In Las Vegas, dreams can come true as swiftly as the winds that blow in from the desert. But the city also has its share of people who have found true happiness in the capital of glitz. Meet some of them, who told us how.
WHERE CRAZINESS IS NORMAL
Las Vegas is part volcanic eruption, part Roland Emmerich film and partly like the fall of Rome – but with a soundtrack. It’s an overblown orgy of neon lights, showgirls, stretch limousines and the eternal ding-ding-ding of one-armed bandits – an intoxicating mix most visitors indulge in for just two or three days before returning home to recover. But what’s it like to actually live in a city that celebrates its exceptional state of crazy every day anew? And why would anyone want to spend their life in an unrealistic setting like that of “Sin City,” as the place is also known? We met a few people for whom it’s quite normal to work in an Eiffel Tower replica in the middle of the desert or to slip into an Elvis costume every morning to marry couples in a kitsch-themed chapel.
Brendan Paul, 45
“How did I become a priest in an Elvis chapel? When I was 22 and playing with my punk band in Vegas, I entered an Elvis contest for the heck of it. It was so much fun I decided to get a job impersonating The King – plus, the money’s really good. Then, 15 years ago, I bought the Graceland Wedding Chapel for a million dollars. It was built in 1947 and it’s one of the oldest and most famous wedding chapels in Las Vegas. All I had to do to obtain my license to officiate at weddings was take a couple of classes. Although we marry around 4000 couples every year here, for me, weddings are still a very moving affair because the way I see it, it’s the most important day in a couple’s relationship. We do draw the line at some things, though; it’s fine to be tipsy when you tie the knot, but not drunk. Also, we regularly receive requests to host nudist weddings, but we don’t do them, either. Otherwise, it makes no difference whether a couple books the 199-dollar wedding that includes two Elvis songs or the 799-dollar package featuring a young Elvis from the 1950s and an older Elvis in Seventies-style flares. We always put everything we’ve got into the ceremony. I was really touched by one couple who booked us to celebrate their 25th wedding anniversary. On the appointed the day, the woman turned up on her own with a framed photo of her husband. He had recently passed away but she wanted to go ahead with the ceremony anyway. I was all choked up at first and my voice almost failed me. I will always love Elvis’s songs, even if I’ve sung them thousands of times. They’re simply classics. Sometimes I’ll be singing ‘Love Me Tender’ and thinking about whether I have everything I need in my fridge at home, but I keep on smiling and no one notices a thing. That’s show business, baby!”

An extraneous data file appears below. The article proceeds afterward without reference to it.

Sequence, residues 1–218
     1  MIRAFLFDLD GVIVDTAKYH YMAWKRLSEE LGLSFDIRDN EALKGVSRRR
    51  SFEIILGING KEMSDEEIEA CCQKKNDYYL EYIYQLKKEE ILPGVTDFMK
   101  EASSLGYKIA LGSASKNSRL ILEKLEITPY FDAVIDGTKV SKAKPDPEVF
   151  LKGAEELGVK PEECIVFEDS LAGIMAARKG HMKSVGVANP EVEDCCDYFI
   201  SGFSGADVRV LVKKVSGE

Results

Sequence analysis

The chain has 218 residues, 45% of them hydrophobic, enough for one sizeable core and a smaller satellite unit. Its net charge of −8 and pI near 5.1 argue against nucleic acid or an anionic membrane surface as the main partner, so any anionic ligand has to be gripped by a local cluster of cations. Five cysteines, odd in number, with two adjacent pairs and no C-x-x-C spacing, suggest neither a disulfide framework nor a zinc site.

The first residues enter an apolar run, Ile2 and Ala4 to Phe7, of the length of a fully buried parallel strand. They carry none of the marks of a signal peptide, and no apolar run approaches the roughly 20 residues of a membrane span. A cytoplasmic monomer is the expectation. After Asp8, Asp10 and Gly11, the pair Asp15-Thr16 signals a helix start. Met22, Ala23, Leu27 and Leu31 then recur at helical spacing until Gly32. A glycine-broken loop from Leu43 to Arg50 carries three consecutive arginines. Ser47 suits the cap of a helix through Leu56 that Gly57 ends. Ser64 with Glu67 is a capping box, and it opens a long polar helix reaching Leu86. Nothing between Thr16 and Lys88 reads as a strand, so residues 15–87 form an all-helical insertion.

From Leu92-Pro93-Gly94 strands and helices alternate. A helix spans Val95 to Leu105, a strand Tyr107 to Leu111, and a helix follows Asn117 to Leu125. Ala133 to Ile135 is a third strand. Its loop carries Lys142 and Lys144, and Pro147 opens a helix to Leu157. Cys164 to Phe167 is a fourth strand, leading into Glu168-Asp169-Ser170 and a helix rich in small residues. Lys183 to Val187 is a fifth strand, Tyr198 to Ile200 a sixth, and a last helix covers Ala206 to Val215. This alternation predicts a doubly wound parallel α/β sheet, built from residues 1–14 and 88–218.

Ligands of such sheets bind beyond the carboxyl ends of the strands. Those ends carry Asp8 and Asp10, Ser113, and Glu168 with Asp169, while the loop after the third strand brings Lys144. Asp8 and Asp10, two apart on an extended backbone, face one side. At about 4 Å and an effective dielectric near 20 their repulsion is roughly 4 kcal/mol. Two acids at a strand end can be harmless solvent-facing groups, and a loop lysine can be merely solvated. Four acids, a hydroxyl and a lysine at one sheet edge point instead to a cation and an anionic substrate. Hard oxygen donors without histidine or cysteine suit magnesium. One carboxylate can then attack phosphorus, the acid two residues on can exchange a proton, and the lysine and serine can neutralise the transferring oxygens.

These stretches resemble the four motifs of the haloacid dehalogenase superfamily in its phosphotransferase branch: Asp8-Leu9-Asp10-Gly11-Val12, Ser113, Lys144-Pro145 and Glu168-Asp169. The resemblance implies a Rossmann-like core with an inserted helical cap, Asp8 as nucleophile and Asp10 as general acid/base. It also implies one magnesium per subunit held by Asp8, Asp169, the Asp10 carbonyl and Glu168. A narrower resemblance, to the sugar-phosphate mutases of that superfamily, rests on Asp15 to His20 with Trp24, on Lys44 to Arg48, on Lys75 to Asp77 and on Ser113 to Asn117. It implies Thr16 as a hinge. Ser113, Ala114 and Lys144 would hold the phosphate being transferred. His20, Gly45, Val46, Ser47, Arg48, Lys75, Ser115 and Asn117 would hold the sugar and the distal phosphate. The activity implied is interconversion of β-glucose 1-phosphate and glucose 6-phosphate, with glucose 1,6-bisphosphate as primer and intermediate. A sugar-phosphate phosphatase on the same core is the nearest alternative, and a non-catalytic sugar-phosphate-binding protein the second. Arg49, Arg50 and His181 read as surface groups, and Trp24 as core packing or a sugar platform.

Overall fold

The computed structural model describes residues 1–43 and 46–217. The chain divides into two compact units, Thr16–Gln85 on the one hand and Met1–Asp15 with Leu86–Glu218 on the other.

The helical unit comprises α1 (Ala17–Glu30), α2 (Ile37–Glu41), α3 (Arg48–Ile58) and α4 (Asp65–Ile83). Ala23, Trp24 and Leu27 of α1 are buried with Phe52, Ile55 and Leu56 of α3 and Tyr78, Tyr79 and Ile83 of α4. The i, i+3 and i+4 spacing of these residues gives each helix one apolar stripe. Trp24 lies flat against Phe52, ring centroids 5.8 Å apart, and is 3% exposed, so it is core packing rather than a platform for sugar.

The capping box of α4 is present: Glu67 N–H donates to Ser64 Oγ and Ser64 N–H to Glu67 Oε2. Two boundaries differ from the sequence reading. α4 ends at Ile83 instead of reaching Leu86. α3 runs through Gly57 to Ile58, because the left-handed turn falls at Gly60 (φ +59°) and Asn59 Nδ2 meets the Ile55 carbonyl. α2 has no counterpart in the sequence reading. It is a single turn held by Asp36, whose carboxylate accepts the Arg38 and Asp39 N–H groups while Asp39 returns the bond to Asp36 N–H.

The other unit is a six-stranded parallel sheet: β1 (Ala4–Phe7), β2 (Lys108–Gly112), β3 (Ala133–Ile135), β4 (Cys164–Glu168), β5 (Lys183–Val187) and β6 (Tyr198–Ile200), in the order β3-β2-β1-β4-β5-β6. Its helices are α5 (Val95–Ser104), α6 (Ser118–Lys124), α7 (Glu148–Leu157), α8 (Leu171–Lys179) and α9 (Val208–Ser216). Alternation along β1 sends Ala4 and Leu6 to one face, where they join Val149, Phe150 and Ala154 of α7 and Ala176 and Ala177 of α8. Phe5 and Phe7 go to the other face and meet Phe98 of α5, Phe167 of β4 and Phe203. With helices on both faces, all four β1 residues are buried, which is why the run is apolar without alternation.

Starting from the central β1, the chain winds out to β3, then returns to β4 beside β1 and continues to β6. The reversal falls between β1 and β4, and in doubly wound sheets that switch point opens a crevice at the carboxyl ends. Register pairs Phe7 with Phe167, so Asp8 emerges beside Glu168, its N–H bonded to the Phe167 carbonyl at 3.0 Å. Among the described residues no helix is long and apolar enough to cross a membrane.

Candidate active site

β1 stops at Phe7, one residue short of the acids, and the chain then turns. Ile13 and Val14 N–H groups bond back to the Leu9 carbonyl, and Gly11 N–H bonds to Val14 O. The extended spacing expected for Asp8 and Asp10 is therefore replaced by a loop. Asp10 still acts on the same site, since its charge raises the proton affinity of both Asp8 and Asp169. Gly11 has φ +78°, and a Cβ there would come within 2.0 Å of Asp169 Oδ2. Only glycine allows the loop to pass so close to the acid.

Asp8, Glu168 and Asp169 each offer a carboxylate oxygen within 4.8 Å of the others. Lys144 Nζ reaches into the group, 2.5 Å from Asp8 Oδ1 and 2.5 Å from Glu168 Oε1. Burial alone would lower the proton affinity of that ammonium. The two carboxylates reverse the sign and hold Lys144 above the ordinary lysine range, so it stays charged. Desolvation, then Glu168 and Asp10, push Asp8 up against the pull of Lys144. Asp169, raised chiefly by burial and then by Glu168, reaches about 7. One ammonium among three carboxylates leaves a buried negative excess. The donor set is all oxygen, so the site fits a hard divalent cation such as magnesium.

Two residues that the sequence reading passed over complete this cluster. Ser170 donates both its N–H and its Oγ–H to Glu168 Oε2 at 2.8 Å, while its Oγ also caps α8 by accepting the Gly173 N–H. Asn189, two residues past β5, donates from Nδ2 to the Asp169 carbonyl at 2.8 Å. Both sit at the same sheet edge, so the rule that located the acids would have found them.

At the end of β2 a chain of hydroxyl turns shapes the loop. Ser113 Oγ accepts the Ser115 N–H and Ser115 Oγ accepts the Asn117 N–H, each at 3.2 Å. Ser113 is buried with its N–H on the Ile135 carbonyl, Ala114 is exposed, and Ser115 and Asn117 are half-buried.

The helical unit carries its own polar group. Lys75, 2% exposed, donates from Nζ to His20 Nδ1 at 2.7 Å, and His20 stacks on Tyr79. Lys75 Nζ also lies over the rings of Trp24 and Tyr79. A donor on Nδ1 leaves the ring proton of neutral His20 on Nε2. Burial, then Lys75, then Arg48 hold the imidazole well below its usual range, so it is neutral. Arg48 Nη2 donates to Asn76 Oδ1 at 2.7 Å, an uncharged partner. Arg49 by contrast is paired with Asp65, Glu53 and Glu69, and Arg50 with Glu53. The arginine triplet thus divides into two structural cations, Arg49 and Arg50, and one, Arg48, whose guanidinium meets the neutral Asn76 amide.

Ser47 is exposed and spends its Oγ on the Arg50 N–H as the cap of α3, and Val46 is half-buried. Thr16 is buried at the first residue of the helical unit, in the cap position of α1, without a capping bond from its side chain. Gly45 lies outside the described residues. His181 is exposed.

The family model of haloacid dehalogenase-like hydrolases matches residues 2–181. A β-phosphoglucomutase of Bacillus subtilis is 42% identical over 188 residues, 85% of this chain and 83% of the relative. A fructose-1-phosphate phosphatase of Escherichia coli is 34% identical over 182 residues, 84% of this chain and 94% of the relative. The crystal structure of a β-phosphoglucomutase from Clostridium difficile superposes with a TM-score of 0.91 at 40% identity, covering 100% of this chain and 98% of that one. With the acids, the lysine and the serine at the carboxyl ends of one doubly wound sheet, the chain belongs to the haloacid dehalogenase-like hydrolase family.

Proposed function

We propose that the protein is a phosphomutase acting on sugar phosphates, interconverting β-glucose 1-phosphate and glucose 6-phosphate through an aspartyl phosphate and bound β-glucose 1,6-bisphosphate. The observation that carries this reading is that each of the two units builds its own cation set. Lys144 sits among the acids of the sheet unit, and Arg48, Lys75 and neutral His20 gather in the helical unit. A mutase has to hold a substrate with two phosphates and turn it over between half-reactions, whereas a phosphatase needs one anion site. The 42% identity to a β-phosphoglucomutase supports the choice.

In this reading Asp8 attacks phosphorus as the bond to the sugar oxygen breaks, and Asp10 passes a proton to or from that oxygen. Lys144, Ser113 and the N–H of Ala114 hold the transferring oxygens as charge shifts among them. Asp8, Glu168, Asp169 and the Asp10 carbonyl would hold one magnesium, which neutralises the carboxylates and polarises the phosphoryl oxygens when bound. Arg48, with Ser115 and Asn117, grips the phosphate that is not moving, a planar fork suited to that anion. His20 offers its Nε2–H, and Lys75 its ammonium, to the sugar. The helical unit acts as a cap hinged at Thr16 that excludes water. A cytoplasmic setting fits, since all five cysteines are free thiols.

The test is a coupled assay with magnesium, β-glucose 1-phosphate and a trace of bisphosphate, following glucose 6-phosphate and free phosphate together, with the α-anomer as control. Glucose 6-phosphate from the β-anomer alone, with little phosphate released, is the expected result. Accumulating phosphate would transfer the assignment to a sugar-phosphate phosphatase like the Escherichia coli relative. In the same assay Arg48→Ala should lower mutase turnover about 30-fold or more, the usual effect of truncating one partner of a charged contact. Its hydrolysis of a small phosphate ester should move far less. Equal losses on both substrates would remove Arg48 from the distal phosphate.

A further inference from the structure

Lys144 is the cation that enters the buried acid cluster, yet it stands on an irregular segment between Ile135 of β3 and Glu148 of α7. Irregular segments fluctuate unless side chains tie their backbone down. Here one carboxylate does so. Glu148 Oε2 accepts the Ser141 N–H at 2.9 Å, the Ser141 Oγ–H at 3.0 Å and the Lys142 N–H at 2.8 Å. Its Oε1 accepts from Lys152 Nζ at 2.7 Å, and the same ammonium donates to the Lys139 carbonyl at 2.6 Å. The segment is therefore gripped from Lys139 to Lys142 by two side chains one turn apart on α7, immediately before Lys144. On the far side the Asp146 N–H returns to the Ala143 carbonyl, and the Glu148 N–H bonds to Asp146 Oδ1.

Vearn Rogers, 58